Cubby is a coming of age queer dramedy from the mind of Mark Blane, who also directs and stars in the film. Its premise is simple: an immature 26-year-old relocates to New York on false pretenses and discovers the core of who he really is in the process. It’s an age-old tale with a psychoactive twist.

Currently making its Inside Out debut, Cubby has been the target of conservative opposition before audiences even laid eyes on it. The film is a product of a successful crowdsourcing campaign – which also made it the topic of conversation – and the interaction between its leading males is making naysayers uncomfortable.


Although the trio doesn’t share any scenes together, it features a gay babysitter, a fictional male sex worker, and a six-year-old boy. The concern is that the exposure will “make the child gay.” Blane, however, is no stranger to criticism and has made it clear that the film’s mission is to challenge viewers to see the complexity of human relationships – and it does that quite effectively.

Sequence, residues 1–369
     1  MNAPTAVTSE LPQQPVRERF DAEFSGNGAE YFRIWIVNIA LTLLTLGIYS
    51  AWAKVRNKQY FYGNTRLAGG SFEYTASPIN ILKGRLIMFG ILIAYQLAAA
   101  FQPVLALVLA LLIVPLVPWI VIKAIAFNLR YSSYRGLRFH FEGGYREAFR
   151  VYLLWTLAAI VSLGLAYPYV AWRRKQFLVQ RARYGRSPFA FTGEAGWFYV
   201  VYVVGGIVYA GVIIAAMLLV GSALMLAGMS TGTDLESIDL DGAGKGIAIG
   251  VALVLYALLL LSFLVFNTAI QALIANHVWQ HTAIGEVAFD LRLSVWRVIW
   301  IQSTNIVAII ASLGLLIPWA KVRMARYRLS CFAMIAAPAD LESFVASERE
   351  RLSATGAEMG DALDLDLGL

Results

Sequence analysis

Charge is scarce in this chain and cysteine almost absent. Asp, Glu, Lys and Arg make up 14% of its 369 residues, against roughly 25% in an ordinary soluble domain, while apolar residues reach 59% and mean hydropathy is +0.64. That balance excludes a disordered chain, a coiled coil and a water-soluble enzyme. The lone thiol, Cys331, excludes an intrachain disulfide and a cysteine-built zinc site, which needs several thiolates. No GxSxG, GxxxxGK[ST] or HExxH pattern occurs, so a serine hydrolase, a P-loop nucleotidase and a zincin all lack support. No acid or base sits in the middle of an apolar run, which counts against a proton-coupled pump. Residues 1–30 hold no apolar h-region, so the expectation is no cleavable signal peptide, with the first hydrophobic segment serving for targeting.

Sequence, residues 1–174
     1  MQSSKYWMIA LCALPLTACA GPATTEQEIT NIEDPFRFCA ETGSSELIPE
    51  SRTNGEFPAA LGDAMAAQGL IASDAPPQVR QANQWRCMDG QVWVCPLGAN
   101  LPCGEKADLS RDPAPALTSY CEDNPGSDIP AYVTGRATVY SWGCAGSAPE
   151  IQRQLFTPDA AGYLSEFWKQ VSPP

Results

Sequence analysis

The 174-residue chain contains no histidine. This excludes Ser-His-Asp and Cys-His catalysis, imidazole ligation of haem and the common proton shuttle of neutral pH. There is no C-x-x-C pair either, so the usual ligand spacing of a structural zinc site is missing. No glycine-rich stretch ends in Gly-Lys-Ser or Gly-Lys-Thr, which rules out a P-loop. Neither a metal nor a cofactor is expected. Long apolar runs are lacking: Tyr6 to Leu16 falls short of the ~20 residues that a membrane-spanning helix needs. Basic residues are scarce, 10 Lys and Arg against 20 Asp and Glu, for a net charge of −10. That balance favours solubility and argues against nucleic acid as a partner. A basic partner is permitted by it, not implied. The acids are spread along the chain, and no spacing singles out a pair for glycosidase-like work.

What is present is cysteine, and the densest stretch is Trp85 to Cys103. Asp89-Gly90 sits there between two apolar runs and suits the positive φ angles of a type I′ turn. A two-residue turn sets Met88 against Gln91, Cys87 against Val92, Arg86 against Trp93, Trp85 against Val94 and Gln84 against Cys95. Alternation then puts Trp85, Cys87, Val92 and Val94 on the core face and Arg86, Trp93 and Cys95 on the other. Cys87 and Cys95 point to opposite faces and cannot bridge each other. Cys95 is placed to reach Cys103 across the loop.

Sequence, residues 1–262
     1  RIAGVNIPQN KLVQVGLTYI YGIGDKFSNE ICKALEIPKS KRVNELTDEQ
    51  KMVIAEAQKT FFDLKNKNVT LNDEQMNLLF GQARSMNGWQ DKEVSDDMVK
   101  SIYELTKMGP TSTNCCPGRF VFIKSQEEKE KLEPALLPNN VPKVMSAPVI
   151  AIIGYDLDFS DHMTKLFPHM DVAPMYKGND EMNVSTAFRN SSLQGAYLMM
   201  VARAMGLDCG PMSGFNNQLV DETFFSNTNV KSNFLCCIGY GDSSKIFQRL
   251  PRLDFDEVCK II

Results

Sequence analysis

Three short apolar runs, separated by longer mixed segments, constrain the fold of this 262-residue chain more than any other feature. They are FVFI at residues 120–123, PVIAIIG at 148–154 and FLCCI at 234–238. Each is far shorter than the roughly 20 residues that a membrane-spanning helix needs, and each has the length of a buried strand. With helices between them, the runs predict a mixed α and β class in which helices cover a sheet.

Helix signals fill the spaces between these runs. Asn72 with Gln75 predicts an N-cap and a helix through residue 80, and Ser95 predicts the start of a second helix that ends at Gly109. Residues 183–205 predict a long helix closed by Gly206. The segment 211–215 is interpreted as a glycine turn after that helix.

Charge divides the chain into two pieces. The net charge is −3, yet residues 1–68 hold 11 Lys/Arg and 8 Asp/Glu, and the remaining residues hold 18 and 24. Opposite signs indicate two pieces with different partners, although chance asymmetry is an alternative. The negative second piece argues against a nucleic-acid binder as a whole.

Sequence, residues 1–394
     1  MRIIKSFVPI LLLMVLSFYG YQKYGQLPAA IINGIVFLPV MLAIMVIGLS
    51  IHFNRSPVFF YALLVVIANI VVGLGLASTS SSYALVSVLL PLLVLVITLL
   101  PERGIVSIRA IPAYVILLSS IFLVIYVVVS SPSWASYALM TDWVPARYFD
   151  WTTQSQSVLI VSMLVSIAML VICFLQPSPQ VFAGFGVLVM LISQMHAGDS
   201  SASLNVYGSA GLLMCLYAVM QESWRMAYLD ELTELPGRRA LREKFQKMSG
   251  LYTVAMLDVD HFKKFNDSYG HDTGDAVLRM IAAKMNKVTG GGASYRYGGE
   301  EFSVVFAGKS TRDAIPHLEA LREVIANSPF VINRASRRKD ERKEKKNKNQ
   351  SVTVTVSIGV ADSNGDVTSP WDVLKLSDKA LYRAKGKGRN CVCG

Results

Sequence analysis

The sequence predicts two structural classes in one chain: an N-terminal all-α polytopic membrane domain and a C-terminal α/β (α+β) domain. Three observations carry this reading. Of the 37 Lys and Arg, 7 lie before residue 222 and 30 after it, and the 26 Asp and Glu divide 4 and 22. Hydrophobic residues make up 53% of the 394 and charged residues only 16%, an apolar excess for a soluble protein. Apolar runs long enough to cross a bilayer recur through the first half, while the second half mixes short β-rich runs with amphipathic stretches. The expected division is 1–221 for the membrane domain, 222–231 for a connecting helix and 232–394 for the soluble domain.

When we first meet Mark (Mark Blane), he’s an absent-minded artist who has lived under his mother’s thumb. Through his interactions with the newcomers in his world (and a bad habit), he becomes acutely aware of who he is and what he’s capable of as an artist, a caretaker, and a romantic partner.

Not surprisingly, Blane is the star and the standout in Cubby. His performance carries the film through bad dialogue and awkwardly timed jokes and takes viewers on Mark’s rollercoaster of self-discovery. While his story isn’t wholly relatable, it certainly leaves you with food for thought about your own life and the relationships that have formed you.

Sunday, May 26, 3:30 PM, TIFF Bell Lightbox